Sen. Elizabeth Warren (D-Mass.) ended her campaign for the Democratic presidential nomination on Thursday, leaving former Vice President Joe Biden as the only former Penn professor left in the field.
Warren focused her campaign on "big structural change," while proposing plans to combat corruption, climate change, and alleviate issues that affect working-class Americans.
Before working at Harvard Law and serving in the Senate, Warren taught contract and bankruptcy law at Penn Law from 1987 to 1995. While at Penn, her students said she was a demanding and well-respected professor who led engaging classes that used the Socratic teaching style.
“I think she had all of our names memorized on the first day, so there was no place to hide,” 1993 Penn Law graduate Shannon Sanfilippo told The Daily Pennsylvanian in January 2019. “You better know your reading [in her class]."
Warren's hiring at Penn in the late 1980s attracted attention during her political career, due to opponents' claims that she listed herself as a Native American applicant to gain an advantage. However, Penn Law faculty who oversaw her hiring told the DP in 2018 that the school considered her a white woman candidate — and not a minority.
Despite a lack of evidence of Warren using Native American heritage to get a job at Penn, the progressive's detractors nevertheless relish labeling her with nicknames like 'Pocahontas.' After the news broke, 1968 Wharton graduate and President Donald Trump used the term in a tweet which chided Warren for remaining in the race, and claimed she harmed Sen. Bernie Sanders (I-Vt.) on Super Tuesday.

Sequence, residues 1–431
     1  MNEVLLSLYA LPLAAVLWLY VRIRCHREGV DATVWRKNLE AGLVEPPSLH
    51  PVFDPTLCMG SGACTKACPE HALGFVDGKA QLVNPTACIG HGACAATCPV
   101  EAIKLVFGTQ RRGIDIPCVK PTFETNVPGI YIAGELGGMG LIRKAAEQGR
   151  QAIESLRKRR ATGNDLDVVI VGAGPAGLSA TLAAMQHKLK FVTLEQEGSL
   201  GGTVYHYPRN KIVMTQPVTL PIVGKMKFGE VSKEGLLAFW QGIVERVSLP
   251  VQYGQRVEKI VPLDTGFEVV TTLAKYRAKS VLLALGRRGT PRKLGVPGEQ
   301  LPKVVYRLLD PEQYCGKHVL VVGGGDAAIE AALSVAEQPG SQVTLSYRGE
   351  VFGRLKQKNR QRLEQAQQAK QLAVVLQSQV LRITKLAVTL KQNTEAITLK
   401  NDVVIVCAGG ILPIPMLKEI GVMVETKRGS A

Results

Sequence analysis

On New Year's Eve 2018, Warren announced she was forming an exploratory committee to raise money for a presidential campaign.
In October 2019, Warren was crowned the Democratic frontrunner by pundits, amid a surge of strong polls and fundraising numbers.
Since then, her fortunes fell, resulting in a third-place finish in Iowa, a fourth-place finish in New Hampshire, a fourth-place finish in Nevada, and a fifth-place finish in South Carolina. The electoral disappointments culminated on Super Tuesday, where Warren failed to win a single contest and placed third in her home state of Massachusetts.
Warren was known for her expansive ground game and network of employees, including a field office the campaign opened in West Philadelphia in January. She won prominent endorsements from local leaders like Philadelphia Mayor Jim Kenney and Philadelphia District Attorney Larry Krasner — as well as 1999 College graduate John Legend.
Warren's exit comes days after other high-profile Democratic candidates suspended their campaigns, leaving the primary campaign a race between Biden and Sanders. Former South Bend, Ind. Mayor Pete Buttigieg and Sen. Amy Klobuchar (D-Minn.) dropped out of the race before the Super Tuesday contests. Former New York City Mayor Mike Bloomberg suspended his campaign after only winning American Samoa on Tuesday.
Buttigieg, Klobuchar, and Bloomberg have since endorsed Biden's bid for the nomination. Warren has not offered an endorsement of either Biden or Sanders, and is reportedly "weighing whether to take a side."